Dr. Collins Kimbeng

“It’s an innovative industry which has allowed it to last for well over 200 years. Through research and innovation, the industry was able to survive and has continued to thrive well into the 21st century,” Dr. Collins Kimbeng.

Sugar cane has taken Dr. Collins Kimbeng, a plant breeder at the Louisiana State University (LSU) AgCenter, on an exciting journey around the world. In addition to teaching classes in sugar cane breeding and genetics, Kimbeng helped develop two new sugarcane varieties in Australia, four new varieties in Louisiana, and has co-authored 77 publications in his field.

Kimbeng grew up on a palm oil and rubber plantation in Cameroon and has loved plants ever since.

“We would collect fruits from the oil palm trees and eat them raw, boiled or roasted,” Kimbeng said. “I also used the empty fruit bunch, which is the residue left over after the oil palm fruits are processed, as mulch in a pineapple garden I planted every year during the summer holidays.”

Kimbeng’s father, William “Willie” Kimbeng, was employed by the company that operated the plantations and worked with many plant breeders throughout his career.

“My initial interest in the field of plant breeding and genetics stemmed from my interaction at a very early age with the numerous expatriate plant breeders who came to Cameroon to work for the company,” Kimbeng said.

The Journey Begins

Kimbeng’s career path was influenced by the company’s need for more plant breeders to work at the plantations.

“I remember my dad remarking that plant breeders must be in very high demand because each time he hired one, some other company made them a better offer and they left as soon as they got there,” he said. “As naïve as I was at the time, the growing need to help my dad solve this problem motivated me to take an interest in plant breeding.”

After receiving a Bachelor of Science degree in botany and a master’s degree in plant breeding in Africa, Kimbeng headed to the United States to pursue a doctoral degree in plant breeding and genetics at the University of Wisconsin at Madison.

“I was fortunate to study under the guidance of Dr. Edwin Bingham, an alfalfa geneticist at UW-Madison. He was a great influence on my career,” he said. “Unlike corn, which is a diploid, meaning it has two sets of chromosomes, alfalfa is a polyploid with four sets of chromosomes. Inheritance and segregation of traits is a lot more complicated in polyploid species than in diploids. Modern cultivated sugarcane is a lot more complicated as the genome consists of two ancestral species, both polyploids.”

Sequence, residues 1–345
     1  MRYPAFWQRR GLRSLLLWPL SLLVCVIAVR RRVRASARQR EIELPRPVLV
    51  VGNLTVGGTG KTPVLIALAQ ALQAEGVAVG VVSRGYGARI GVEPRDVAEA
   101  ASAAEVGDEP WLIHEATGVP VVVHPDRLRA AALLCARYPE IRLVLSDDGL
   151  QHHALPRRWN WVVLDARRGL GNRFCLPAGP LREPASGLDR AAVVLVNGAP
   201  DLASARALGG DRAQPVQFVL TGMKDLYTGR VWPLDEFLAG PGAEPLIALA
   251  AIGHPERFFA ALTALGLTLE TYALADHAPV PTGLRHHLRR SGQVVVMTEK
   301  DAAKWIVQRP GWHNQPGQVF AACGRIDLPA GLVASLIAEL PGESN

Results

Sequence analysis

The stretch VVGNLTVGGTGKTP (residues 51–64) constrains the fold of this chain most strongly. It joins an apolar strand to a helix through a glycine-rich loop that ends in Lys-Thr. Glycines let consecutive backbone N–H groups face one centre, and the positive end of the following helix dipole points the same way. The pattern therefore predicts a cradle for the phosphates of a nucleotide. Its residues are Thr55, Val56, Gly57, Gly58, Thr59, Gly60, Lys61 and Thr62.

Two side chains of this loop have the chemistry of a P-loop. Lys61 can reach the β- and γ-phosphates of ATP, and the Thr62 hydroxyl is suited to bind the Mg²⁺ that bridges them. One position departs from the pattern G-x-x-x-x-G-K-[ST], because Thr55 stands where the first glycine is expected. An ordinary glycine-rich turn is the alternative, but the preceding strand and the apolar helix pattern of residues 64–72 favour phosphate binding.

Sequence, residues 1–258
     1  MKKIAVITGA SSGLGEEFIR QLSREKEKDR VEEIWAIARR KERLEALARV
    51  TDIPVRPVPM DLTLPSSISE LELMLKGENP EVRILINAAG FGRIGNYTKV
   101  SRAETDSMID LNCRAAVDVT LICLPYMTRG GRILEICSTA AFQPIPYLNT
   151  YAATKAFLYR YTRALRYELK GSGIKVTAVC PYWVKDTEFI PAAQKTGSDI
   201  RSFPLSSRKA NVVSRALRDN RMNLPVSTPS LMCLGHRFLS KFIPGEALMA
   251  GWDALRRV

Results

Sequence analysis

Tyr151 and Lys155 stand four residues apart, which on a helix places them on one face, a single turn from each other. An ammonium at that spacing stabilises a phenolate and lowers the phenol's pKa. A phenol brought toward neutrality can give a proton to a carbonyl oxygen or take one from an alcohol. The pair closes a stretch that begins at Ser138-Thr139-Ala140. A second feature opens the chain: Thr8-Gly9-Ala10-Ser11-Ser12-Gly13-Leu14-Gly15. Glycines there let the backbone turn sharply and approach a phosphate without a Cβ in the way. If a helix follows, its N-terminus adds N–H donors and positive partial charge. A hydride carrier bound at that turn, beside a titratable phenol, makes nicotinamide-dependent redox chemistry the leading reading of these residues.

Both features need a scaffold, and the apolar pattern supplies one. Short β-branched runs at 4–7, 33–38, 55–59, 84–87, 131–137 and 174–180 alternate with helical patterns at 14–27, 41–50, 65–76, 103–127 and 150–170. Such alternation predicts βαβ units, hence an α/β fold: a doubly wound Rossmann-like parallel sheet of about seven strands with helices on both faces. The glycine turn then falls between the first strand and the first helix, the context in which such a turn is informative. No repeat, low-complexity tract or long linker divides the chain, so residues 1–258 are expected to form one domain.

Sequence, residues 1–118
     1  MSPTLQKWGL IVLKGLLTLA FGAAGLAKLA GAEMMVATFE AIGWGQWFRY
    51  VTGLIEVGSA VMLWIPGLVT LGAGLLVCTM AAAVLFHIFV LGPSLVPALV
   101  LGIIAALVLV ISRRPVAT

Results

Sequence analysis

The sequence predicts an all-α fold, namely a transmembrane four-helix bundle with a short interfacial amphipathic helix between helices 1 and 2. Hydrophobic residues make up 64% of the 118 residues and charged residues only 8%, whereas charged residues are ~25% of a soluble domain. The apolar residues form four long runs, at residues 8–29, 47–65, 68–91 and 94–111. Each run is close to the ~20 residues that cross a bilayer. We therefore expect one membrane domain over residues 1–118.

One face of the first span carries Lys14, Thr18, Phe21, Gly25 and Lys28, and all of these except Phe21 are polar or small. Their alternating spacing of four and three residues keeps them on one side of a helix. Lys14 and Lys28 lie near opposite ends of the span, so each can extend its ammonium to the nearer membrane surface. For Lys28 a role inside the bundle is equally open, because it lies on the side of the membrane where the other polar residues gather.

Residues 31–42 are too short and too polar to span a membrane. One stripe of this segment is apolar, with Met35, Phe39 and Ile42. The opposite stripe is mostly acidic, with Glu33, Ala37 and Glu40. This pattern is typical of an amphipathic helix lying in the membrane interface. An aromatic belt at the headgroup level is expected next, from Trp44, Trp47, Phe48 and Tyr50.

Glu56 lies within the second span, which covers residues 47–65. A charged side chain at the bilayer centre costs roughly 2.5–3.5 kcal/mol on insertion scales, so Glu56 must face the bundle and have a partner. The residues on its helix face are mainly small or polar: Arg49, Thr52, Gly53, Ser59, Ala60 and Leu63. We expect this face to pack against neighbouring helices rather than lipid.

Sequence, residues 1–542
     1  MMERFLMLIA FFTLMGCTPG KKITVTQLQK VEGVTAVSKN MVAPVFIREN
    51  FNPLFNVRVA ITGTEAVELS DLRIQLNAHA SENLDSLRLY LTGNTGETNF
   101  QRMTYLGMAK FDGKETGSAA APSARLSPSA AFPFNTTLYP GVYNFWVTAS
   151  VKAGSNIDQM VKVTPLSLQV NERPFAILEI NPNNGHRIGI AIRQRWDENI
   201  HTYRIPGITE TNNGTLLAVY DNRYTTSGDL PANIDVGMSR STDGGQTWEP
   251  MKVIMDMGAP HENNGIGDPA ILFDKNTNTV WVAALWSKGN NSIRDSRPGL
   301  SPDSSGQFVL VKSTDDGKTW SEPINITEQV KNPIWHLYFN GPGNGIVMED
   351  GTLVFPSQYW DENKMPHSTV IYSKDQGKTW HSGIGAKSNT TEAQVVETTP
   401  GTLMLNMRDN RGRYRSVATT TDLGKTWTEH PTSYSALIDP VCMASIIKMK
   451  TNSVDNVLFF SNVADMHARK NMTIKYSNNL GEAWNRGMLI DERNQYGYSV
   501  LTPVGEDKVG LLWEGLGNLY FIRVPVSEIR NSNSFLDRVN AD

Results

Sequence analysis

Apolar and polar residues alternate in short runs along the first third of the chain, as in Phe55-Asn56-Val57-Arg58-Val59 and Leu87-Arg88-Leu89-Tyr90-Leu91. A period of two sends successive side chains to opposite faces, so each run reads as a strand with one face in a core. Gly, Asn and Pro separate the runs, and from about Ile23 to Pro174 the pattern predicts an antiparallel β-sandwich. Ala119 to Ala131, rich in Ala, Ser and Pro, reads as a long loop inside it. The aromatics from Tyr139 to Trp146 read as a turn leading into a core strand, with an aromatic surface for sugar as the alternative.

Kimbeng received his PhD in plant breeding and genetics from UW-Madison in 1996 and accepted a job offer in Queensland, Australia.

“My first job as a sugarcane breeder was with the Bureau of Sugar Experiment Stations in the city of Mackay,” he said. “My boss there, Mac Hogarth, remarked that my background in polyploid genetics made me an attractive candidate.”

Putting in the Work

While in Australia, Kimbeng helped produce two new sugarcane varieties after orange rust almost wiped out the dominant variety, Q 124.

Developing a new variety is a long process of cross-hybridization, evaluating the resulting new crop variants and selecting those with desirable trait combinations, according to Kimbeng.

“We then select the best among those and do a head-to-head comparison and evaluation with the best currently grown commercial varieties,” he said.

Kimbeng’s journey to Louisiana began when he met and married his wife Lucy while in Australia.

“Lucy was educated in Canada and wanted to move back to either Canada or the U.S.,” he said. “We came to the U.S., and I accepted a job with the LSU AgCenter.”